Digests for Debate: Single vs. Multispecies Connectivity

If you build it, will they come?

I often find myself asking this question as I’m reading through the latest work on corridor modeling or planning for connectivity conservation. Although methods to predict corridor locations and movement pathways for animals and plants have developed rapidly over the last decade, research has tended to focus on analyses and outcomes with relevance to a single species occupying a terrestrial environment. Here, the principal assumption is that ‘they’ (the focal species) will use the corridor(s) or pathway(s) identified by a research effort. However, in the question I offer above, ‘they’ also can refer to multiple species and sometimes an unknown number of species.

From my perspective, the science of multispecies connectivity has progressed somewhat slowly. Perhaps this is not surprising – efforts to precisely identify areas that facilitate connectivity for multiple species can be hindered by, for example, a lack of suitable empirical data on multiple focal species and compounding model uncertainty. Nevertheless, the conservation community seems ready to consider multispecies approaches in the placement of corridors. Given the pace of environmental changes, this is understandable.

So, if we’re tasked with finding ways to conserve the simultaneous movement of multiple species or taxa, are reasonable approaches to modeling connectivity and corridor mapping available to move society toward appropriate planning and implementation steps? Few empirically driven analyses of multispecies connectivity are available to address this question.

In a recent paper by Brodie and colleagues (full disclosure: I’m one of them), the efficacy of single versus multispecies connectivity scenarios was evaluated for five threatened mammals in rainforests of Malaysian Borneo. Briefly, they used estimates of local abundance generated from camera trap data and remotely sensed environmental variables to map the cost (and flow) of movement for each species among a network of protected areas. These individual results were then overlaid to produce corridor maps for combinations of species that could be compared to the original maps derived for each species.

Results suggested that multispecies connectivity scenarios are not always more likely to facilitate movement and dispersal of the focal species than a single species scenario, though multispecies connectivity scenarios based on ecologically similar species (in this case, carnivores or herbivores) could be more effective than a single species scenario. Moreover, the authors concluded from their results “umbrella species approaches may fail to conserve community connectivity for threatened species.”

To derive their connectivity scenarios and corridor maps, Brodie and colleagues leveraged data obtained for a relatively small set of focal species. Although the methods are contemporary, the empirical data required to build and test their models were not easy to come by. Of course, a variety of data collection and combination methods could be used to predict connectivity and the locations of potential habitat corridors in almost any geography.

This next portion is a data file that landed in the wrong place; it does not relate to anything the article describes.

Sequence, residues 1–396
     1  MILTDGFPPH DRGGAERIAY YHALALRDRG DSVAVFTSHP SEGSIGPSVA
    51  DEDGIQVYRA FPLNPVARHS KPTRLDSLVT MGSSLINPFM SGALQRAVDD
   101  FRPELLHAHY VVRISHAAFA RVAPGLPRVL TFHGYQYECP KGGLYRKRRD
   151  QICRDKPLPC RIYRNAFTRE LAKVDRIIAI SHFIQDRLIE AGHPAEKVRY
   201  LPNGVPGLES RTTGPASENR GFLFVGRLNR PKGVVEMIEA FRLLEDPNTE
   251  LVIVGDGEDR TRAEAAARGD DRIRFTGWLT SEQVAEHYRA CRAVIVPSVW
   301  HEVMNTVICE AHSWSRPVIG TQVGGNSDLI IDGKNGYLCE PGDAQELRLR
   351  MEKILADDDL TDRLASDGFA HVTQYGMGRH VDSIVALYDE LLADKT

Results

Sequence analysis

But can we also be comfortable with the assumptions and uncertainties that might underlie estimates of multispecies connectivity and any resultant corridor maps?

I would argue that reasonable concepts and tools are available to advance the science of multispecies connectivity. In the context of rapid climate and land cover changes, we have little choice but to move forward.


Brodie, J. F., A. J. Giordano, B. Dickson, M. Hebblewhite, H. Bernard, J. Mohd-Azlan, J. Anderson, and L. Ambu. 2015. Evaluating multispecies landscape connectivity in a threatened tropical mammal community. Conservation Biology 29:122-132.


Brás, R., J. O. Cerdeira, D. Alagador, and M. B. Araújo. 2013. Linking habitats for multiple species. Environmental Modelling and Software 40:336–339.

Koen, E. L., J. Bowman, C. Sadowski, and A. A. Walpole. 2014. Landscape connectivity for wildlife: development and validation of multispecies linkage maps. Methods in Ecology and Evolution 5:626–633.

Lawler, J. J., A. S. Ruesch, J. D. Olden, and B. H. McRae. 2013. Projected climate-driven faunal movement routes. Ecology Letters 16:1014-1022. (Predicting the future movement routes of 3000 species)

Theobald, D. M., S. E. Reed, K. Fields, and M. Soule. 2012. Connecting natural landscapes using a landscape permeability model to prioritize conservation activities in the United States. Conservation Letters 5:123–133. (Connectivity across the United States)

Urban, D. L., E. S. Minor, E. A. Treml, and RS Schick. 2009. Graph models of habitat mosaics. Ecology Letters 12:260–273.

2016-10-14T10:10:38+00:00 April 1st, 2015|

About the Author:

Brett Dickson
Brett Dickson is conservation biologist, landscape and wildlife ecologist, ecological modeler, and fierce advocate for strong inference. Much of his work is focused on understanding and estimating animal-habitat relationships, landscape connectivity, the impacts of land use and climate change, or disturbance processes, such as fire and non-native species invasion, in forested and arid ecosystems across North America. Brett is the founder, president, and chief scientist of the nonprofit Conservation Science Partners (www.csp-inc.org), based in Truckee, CA, and Fort Collins, CO. He also is an associate research professor with the Landscape Conservation Initiative and the School of Earth Sciences and Environmental Sustainability at Northern Arizona University, where he co-directs the Lab of Landscape Ecology and Conservation Biology (www.nau.edu/LCI/).